Love Is An Ex-Country: Fighting For Yourself

Above all else, this is a book about accepting and being gentle with yourself.

Love Is An Ex-Country
Love Is An Ex-Country

America is an amnesiac.

As I was reading Randa Jarrar’s Love Is An Ex-Country, a friend was texting me to tell me that I needed to watch the news. Something was happening in the USA, and it was big. So, dutifully, I put the book down and switched on the TV to watch those mobs on Capitol Hill. I’ve been avoiding the televised news a lot lately; it doesn’t do me any good to watch the same things being picked over for hours. I read an article and then I’m done. But watching people break into a place of democracy, carrying Confederate flags as though it’s 1865, I thought about Randa Jarrar and her story of finding Confederate flags in a gas station and being given them for free, because the clerk knew that she would go and set them on fire. Somehow, it seemed important for once that I should be watching and witnessing, just as Jarrar knew it was important that she take action too when handed those symbols of hate.

That is the power of Love Is An Ex-Country, with its razor sharp writing. Love Is An Ex-Country is on the surface an unfiltered, raw and honest travelogue memoir; the story of Jarrar’s drive across the USA, sometimes rather meanderingly interspersed with stories and essays about what it means to be a queer, Arab American, Muslim, Fat woman in the USA as it exists now. And how it used to be; there’s plenty about her childhood too. Jarrar has not – to make an understatement – had an easy time of it. Raised by traditional parents, with a father who would beat her, then married to an abuser, these are only a few of the struggles Jarrar has faced. She did not truly believe that she owned her own body until she gave birth to her son during a botched C-section. It always belonged to someone else.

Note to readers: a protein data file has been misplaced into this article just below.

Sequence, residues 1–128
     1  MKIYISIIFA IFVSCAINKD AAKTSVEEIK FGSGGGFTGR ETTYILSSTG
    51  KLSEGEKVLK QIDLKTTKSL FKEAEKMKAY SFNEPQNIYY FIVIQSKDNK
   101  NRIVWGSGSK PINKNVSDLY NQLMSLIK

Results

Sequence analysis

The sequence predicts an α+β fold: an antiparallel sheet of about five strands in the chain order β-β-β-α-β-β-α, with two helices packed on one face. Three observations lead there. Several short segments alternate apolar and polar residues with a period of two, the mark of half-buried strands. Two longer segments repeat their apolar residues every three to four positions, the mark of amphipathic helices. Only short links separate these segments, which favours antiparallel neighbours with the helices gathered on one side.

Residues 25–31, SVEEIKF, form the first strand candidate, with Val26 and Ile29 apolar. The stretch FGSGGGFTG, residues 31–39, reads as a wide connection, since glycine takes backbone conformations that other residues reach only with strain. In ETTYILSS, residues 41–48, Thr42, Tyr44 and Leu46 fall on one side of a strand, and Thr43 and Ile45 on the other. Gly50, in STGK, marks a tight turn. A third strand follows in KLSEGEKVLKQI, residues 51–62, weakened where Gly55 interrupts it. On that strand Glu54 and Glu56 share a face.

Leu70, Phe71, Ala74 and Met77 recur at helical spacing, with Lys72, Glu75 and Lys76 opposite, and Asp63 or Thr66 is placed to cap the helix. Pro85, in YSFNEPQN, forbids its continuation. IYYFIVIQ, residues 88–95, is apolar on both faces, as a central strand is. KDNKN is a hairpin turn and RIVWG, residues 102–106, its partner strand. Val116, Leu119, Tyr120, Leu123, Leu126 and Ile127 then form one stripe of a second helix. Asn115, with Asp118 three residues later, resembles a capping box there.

The quote at the top of this review comes from the chapter which discusses the fallout that Jarrar suffered after she tweeted about Barbara Bush following the former First Lady’s death. She discusses it very frankly, in a lot of detail and she does not apologise. I personally don’t believe that she has any reason to, and I’m glad to see that this controversial event hasn’t been glossed over in any way. Just as Jarrar owns the abuse she suffered, she owns this event too. Her critics, were they ever to read this book, would absolutely hate it.

It isn’t just the USA which has broken her heart either. Jarrar, Palestinian on her father’s side, recounts a trip she took to Israel in an attempt to visit her sister. She is an American citizen by birth, and was equipped with the names of many people she could say she was visiting in Israel. But she never made it out of the airport; after hours and hours, she was put back on a flight to the USA, denied entry for the crime of being half Palestinian. This was the story most alien to me. I, of course, will likely never be denied entry to a country based on my nationality or my religion. I picked over the bones of it for a long time, appalled that this is really happening right now, and no one seems to care.

But if Love Is An Ex-Country leaves its readers with one message, it isn’t the one you were expecting. There is fight there, and the will to stand up and argue for yourself, and the idea of living unapologetically. Chapters frankly discussing Jarrar’s queer lifestyle, and her discovery of kink, will be too much for some people, although I’d argue they are just as necessary in outlining how she came to have ownership over herself as the story of her son’s birth was.

But also, through a long-running thread in which Jarrar narrates her relationship with her father, we come to realise that there is a powerful plea for forgiveness and reconciliation too. This can, of course, be extended out to include reconciliation with oneself, and also even further to include society. In such a howl of rage as this memoir is, it is telling that Jarrar does not fail to mention small moments of love and positive action, such as the story of the dairy farmer who put up his property as collateral to pay for the bail of Angela Davis in 1970. They’re tiny, but crucial. Jarrar is, above all else, preaching love – for your body, your sense of self, your country, your people.

There is no hate in this book.

Review copy provided.

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